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Firm looks to lure hackers

Network Associates is readying a suite of "intrusion protection" tools, including one that creates a decoy network that draws hackers in, then "stings" them.

Network Associates announced Friday a new suite of "intrusion protection" tools, including one that creates a decoy network that draws hackers in and then "stings" them.

"We are creating a network for hackers to break into. It's a virtual network, but it has all the services of a real network," Art Wong, former chief executive of Secure Networks (a Canadian firm acquired last month by Network Associates), said in an interview earlier this month.

"When they are in this virtual network, they are not in your real data. Once they go in, you can collect information on who they are, where they come from, and what vulnerabilities they try to exploit," Wong added. "You have to make it sweeter for them to access. They'll look for accounting information, secretive data, personal data--anything with passwords on it. So you put things in there that hackers would think are sensitive."

The "honey pot" software, slated for release by the end of the year, will be part of Network Associates' new CyberCop family of intrusion protection software. The security tools are designed to help network administrators detect and then ward off unauthorized users from both inside and outside the organization.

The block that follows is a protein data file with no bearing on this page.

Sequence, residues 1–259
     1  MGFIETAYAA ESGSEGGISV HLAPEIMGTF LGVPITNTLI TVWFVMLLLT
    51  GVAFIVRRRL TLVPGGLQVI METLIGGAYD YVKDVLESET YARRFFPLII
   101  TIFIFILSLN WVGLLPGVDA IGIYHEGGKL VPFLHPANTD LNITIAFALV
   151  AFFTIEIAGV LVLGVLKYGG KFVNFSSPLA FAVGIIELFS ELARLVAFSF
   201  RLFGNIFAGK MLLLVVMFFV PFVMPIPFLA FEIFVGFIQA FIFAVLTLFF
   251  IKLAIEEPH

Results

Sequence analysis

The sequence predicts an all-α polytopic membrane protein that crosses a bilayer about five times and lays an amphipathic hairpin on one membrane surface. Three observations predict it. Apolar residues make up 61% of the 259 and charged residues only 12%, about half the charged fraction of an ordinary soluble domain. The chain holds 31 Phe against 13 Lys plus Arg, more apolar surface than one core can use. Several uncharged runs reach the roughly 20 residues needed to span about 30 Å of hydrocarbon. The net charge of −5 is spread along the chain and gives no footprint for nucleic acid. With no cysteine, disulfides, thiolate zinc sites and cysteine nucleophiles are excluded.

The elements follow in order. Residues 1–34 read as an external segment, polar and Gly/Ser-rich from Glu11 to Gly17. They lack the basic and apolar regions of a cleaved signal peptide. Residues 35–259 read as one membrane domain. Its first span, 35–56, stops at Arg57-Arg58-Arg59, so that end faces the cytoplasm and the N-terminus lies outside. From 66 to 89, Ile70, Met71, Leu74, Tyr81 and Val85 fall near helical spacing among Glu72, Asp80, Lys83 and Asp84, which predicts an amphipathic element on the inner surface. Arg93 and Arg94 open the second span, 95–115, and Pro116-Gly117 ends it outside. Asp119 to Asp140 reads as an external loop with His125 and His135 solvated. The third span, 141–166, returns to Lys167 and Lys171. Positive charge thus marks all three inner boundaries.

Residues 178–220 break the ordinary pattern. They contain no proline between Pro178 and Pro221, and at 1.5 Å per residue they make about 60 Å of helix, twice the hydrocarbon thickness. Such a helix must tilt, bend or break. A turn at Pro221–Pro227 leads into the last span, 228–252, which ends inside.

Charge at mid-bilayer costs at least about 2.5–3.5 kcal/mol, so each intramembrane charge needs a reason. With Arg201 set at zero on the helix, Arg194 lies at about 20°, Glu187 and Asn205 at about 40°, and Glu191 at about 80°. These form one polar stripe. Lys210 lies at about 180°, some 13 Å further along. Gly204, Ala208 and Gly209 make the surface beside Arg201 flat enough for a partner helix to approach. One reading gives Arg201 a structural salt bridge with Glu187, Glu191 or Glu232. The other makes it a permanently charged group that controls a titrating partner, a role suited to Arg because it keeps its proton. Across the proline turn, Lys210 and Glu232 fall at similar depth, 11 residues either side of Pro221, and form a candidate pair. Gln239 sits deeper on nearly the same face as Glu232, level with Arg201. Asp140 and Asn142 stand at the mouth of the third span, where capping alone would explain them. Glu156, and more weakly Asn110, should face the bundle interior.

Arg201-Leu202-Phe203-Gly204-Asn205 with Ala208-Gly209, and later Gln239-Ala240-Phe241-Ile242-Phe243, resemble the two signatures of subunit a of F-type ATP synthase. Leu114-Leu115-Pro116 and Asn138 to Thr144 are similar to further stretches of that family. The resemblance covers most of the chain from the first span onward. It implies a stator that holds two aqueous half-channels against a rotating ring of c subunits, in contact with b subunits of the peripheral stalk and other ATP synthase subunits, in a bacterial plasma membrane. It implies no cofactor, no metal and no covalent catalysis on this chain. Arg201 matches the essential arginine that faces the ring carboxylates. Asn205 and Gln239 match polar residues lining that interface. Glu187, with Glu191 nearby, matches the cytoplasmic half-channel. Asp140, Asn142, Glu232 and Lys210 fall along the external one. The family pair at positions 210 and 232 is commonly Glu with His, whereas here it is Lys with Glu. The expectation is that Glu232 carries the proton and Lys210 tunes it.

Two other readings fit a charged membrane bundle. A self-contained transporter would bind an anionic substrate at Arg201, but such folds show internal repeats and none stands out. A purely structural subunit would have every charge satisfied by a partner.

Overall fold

The intrusion detection market has been active in the first half of this year, with Cisco Systems, Security Dynamics, and others making forays into the space.

Network Associates also announced CyberCop Labs, researchers from the various companies it has acquired. With antivirus researchers from its core McAfee business and TIS Labs for firewall research, Network Associates has more than 150 researchers in its NAI Security Labs group.

The individual pieces in Network Associates' upcoming suite are not unique to the company, although no one else has announced a product on the "honey pot" model. Axent Technologies has several anti-intruder products. Internet Security Systems has focused on similar tools as have smaller vendors including Centrax, AbriNet, and Netect.

Like Secure Networks' "honey pot," Network Associates' CyberCop "intrusion protection" suite resulted from a string of acquisitions over the last seven months. Other elements include the following:

  • CyberCop Scanner, formerly Ballista and acquired with Secure Networks, is a network scanning tool to probe networks from the outside for security weaknesses. It recognizes 320 kinds of hacker attacks and is now shipping.

  • The existing CyberCop software, acquired in the December merger with Network General, will be rechristened CyberCop Network when version 2.0 ships in August. Dubbed a "high-tech burglar alarm," it monitors networks with software sensors at critical intersections. It also includes software licensed from WheelGroup, an intrusion detection player that Cisco bought in February.

  • CyberCop Server is another kind of intrusion detection software that guards individual servers, rather than sitting on a network, as CyberCop Network does. Formerly called Stalker and due to ship in late August, the technology is called host-based intrusion detection. It came to Network Associates in the firm's February acquisition of Trusted Information Systems, which had earlier purchased the technology from Haystack Labs.

    The individual pieces in Network Associates' upcoming suite are not unique to the company, although no one else has announced a product on the "honey pot" model. Axent Technologies has several antihacker products. Internet Security Systems has focused on similar tools, as have smaller vendors including Centrax, AbriNet, and Netect.